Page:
Hard to make treatment recommendations in this forum. But generally speaking, psychiatrists try to avoid the hospital if not entirely necessary (eg, suicidal intentions). Short of that, it seems reasonable to me to call your doctor to describe the problem and ask if any changes to current medicines might be advisable in advance of your upcoming meeting (at which time she can capitalize on the opportunity to assess the effects of a possible change made now).
Xanax and Klonopin dosing are about 1:1 equivalent, so if I follow correctly you've been (consistently?) taking 3 mg/day of Xanax and are now taking 4 mg/day of Klonopin...which, if that's the case, it would be quite unlikely that a higher dose of benzodiazepine-equivalent dose is causing withdrawal. It is alternatively possible that one medicine (eg, Xanax) could be better tolerated than another for a given individual. If a patient of mine called me to report a headache in this context I would be inclined to advise traditional over-the-counter headache/pain remedies (Tylenol, Advil) if there was no reason not to, and if the problem persisted then I would probably ask them to come in so I could assess in person. Certainly though yours is a reasonable question to ask your own doctor.
"The" gold standard therapy for phobias (including claustrophobia) is behavioral: exposure therapy with response prevention, which is basically a systematic desensitization. I've never heard of time line therapy and NLP is generally thought of as pseudoscience by the mainstream scientific community.
No on-line test can make any psychiatric diagnosis. A consultation with a licensed mental health professional (psychiatrist, psychologist, social worker) would be the appropriate way to obtain a comprehensive evaluation of the problems you are having to determine if bipolar disorder, or any other diagnosis, best accounts for the problems, and what the best course of treatment (medicines, psychotherapy, etc.) would be most appropriate, depending on the problem.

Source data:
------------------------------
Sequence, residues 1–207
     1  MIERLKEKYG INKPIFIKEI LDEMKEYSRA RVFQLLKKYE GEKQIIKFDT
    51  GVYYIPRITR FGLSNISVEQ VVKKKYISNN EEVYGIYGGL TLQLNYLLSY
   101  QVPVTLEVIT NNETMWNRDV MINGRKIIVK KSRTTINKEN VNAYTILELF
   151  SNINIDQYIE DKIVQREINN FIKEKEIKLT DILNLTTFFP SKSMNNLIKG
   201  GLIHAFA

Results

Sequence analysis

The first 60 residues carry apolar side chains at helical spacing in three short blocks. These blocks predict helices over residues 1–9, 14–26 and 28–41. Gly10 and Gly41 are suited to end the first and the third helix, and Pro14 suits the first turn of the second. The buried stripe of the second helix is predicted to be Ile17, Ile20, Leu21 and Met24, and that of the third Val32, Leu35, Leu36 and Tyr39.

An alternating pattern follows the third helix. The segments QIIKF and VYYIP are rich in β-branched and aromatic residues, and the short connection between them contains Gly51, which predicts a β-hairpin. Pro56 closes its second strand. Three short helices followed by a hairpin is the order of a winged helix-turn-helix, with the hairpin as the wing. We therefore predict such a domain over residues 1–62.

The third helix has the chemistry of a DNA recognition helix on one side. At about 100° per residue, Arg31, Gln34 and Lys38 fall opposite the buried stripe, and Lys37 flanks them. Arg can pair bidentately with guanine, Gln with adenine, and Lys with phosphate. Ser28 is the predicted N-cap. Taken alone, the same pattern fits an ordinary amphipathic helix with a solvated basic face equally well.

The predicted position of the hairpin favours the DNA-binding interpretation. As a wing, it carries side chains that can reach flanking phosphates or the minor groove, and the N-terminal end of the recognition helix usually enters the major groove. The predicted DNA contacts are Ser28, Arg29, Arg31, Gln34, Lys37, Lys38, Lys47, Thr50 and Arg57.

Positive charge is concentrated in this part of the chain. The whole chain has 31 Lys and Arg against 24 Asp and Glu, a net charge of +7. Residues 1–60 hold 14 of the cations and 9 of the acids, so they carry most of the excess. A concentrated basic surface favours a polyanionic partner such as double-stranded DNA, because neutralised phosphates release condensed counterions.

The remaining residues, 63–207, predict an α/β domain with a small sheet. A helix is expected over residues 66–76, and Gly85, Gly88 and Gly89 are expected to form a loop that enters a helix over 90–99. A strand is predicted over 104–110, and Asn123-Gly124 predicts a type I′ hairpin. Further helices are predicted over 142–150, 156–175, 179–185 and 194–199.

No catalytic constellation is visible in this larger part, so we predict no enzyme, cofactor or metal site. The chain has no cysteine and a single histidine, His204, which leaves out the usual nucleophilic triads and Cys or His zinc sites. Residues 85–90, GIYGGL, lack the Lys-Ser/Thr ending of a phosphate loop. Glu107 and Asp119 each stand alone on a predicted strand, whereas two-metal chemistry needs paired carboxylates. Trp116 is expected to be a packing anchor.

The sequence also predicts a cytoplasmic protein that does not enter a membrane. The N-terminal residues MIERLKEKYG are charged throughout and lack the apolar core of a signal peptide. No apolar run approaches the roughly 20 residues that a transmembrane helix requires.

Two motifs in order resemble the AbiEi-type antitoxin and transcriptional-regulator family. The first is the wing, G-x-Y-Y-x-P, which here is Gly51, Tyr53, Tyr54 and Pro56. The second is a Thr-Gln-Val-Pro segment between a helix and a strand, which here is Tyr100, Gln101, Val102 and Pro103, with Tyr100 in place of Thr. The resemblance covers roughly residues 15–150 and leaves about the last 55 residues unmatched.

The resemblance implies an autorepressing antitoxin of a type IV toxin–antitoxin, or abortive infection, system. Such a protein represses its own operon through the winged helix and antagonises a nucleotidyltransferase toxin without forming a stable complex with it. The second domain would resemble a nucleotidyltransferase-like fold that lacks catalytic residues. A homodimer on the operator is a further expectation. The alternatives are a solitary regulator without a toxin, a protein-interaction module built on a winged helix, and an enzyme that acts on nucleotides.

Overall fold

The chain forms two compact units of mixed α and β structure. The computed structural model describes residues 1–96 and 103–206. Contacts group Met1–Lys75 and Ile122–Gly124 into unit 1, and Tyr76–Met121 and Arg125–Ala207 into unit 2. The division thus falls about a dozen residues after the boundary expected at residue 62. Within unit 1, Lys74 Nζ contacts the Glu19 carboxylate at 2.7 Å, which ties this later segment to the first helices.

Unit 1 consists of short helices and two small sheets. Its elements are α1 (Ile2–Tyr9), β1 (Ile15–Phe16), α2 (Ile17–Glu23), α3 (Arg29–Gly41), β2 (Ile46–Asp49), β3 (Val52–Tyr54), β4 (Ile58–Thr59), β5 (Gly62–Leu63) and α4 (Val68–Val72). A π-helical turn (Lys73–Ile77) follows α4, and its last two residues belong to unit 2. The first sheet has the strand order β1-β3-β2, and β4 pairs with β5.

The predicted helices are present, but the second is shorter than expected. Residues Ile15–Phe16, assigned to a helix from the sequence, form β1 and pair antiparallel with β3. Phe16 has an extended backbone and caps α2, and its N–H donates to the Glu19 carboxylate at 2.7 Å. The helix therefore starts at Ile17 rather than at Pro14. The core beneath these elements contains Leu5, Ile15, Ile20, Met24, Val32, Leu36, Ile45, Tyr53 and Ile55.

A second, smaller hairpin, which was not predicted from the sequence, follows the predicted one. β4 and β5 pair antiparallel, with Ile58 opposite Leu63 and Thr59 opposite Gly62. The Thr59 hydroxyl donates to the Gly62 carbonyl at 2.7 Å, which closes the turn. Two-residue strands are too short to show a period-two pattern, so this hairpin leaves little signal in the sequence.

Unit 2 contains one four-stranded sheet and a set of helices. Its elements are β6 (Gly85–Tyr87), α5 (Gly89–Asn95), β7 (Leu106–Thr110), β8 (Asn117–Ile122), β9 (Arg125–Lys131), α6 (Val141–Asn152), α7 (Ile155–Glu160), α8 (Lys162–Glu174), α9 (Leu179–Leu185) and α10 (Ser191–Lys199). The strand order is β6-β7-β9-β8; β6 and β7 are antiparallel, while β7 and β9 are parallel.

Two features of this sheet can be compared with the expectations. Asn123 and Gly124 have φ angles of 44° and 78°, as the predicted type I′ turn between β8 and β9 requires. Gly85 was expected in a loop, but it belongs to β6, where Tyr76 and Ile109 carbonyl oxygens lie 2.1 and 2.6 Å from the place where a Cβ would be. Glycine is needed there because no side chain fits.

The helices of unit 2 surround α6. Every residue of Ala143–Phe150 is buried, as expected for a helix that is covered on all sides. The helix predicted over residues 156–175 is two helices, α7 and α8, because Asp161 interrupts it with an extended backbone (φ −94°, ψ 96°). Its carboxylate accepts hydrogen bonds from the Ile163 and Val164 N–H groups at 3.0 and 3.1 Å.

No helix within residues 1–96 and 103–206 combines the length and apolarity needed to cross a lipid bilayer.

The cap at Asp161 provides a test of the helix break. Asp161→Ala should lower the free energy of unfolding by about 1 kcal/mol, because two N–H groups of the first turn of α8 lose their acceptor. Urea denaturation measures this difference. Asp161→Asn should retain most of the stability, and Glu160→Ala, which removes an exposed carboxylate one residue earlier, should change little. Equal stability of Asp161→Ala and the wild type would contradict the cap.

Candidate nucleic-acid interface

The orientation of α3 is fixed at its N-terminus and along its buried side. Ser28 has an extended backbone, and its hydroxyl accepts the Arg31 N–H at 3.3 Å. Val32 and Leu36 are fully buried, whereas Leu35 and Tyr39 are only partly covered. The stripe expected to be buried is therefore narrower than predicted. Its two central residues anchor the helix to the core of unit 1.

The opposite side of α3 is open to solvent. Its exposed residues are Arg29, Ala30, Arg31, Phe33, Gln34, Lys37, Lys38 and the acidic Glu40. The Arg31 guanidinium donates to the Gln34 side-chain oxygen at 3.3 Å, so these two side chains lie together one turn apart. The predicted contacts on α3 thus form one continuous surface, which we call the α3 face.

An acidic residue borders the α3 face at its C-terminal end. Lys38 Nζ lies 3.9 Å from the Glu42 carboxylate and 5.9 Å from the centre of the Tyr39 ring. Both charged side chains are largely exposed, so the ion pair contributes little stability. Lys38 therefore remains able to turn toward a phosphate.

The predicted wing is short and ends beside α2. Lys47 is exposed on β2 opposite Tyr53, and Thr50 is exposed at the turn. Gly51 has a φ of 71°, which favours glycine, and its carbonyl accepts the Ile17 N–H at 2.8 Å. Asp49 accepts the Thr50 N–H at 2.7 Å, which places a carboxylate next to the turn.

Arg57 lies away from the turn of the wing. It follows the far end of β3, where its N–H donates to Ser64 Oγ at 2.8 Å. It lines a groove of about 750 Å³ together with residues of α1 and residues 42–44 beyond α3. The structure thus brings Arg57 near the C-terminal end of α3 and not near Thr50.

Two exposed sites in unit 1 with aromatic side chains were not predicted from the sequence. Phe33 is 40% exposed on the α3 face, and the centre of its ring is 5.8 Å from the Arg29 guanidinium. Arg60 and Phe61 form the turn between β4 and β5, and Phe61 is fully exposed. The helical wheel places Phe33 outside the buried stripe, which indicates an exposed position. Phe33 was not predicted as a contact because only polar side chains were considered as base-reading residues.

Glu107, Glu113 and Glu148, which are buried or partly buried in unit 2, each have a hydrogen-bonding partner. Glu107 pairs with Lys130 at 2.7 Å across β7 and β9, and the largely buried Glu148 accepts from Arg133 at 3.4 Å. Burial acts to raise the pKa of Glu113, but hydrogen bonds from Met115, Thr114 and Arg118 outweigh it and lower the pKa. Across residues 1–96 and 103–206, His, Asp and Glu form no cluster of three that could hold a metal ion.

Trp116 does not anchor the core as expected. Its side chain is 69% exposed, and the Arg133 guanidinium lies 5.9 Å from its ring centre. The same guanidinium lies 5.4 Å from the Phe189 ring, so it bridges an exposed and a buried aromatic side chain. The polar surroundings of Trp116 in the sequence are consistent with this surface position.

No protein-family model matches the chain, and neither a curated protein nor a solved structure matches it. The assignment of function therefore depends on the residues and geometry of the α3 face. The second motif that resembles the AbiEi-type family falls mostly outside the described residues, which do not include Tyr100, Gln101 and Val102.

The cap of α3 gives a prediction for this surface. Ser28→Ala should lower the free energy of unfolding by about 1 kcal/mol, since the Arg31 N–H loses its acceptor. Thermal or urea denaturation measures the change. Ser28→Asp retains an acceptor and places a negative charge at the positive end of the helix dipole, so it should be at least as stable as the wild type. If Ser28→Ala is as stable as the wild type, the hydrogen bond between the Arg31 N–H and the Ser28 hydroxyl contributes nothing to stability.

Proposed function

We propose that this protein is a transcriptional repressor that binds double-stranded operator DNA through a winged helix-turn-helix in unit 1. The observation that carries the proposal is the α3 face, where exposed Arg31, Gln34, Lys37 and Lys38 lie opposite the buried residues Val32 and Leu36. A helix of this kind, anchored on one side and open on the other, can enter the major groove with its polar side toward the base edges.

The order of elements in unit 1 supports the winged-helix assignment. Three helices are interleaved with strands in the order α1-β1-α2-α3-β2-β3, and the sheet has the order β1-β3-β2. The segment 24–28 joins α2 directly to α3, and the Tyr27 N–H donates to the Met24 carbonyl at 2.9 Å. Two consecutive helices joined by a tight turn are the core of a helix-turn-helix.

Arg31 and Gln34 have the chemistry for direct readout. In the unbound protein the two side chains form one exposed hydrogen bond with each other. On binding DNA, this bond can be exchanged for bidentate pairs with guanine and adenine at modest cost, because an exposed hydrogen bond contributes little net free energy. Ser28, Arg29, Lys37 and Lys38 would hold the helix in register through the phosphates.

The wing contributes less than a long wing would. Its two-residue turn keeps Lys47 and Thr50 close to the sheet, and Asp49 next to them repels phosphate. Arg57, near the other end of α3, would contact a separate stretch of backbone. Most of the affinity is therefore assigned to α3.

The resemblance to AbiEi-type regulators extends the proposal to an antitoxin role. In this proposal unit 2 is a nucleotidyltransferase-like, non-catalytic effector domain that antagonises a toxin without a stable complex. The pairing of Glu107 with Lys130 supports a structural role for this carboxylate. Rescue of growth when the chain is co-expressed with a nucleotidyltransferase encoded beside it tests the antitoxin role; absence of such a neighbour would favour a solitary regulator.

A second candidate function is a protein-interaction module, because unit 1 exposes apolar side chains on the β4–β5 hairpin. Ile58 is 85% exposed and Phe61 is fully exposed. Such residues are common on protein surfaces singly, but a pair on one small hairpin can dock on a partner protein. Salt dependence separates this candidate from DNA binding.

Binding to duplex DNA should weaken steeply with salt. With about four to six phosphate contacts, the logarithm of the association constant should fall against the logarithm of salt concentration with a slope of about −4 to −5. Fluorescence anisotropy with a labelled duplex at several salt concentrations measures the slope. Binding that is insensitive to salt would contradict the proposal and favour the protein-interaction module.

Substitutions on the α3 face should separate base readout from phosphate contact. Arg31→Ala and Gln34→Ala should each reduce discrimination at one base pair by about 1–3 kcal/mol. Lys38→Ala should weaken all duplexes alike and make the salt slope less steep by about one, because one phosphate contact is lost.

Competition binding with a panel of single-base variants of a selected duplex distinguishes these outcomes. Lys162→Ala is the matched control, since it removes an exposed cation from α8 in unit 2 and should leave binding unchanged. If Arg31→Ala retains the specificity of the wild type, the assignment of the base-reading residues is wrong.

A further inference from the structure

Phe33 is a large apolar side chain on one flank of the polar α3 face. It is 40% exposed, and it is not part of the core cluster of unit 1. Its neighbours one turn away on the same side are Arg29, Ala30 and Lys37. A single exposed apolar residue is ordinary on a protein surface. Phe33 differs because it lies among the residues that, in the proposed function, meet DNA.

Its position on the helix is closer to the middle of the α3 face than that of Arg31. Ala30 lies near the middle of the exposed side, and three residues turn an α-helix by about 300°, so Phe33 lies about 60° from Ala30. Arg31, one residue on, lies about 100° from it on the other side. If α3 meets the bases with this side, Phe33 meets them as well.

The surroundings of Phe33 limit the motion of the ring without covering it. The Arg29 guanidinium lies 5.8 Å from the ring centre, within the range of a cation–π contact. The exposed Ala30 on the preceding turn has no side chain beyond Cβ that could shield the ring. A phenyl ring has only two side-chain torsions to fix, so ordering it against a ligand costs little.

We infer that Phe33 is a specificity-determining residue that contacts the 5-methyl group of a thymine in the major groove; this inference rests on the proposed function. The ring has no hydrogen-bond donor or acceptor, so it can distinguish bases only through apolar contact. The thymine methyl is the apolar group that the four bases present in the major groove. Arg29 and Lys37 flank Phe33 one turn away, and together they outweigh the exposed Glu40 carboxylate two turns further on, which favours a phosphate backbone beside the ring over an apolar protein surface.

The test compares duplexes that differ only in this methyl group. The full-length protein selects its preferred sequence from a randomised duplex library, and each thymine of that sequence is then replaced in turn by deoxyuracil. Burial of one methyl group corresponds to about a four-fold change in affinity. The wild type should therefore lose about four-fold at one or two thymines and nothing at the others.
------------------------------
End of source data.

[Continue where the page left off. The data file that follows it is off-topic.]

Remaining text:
DSM-IV technically, and arbitrarily, defines a "mixed episode" as the occurrence of a full manic (not hypomanic) episode plus a full major depression in people with bipolar I (not II or NOS) disorder, lasting for at least a week. DSM-5 has eliminated this designation and instead created the "specifier" term "with mixed features" to be applied to a full manic or hypomanic or depressive episode with some elements of the opposite pole, but falling short of a full episode of the opposite pole. DSM-5 also will for the first time "allow" for the designation of "with mixed features" in people with unipolar depression who have never had a full manic or hypomanic episode -- furthering the perspective that the line between unipolar and bipolar disorders is often fuzzy.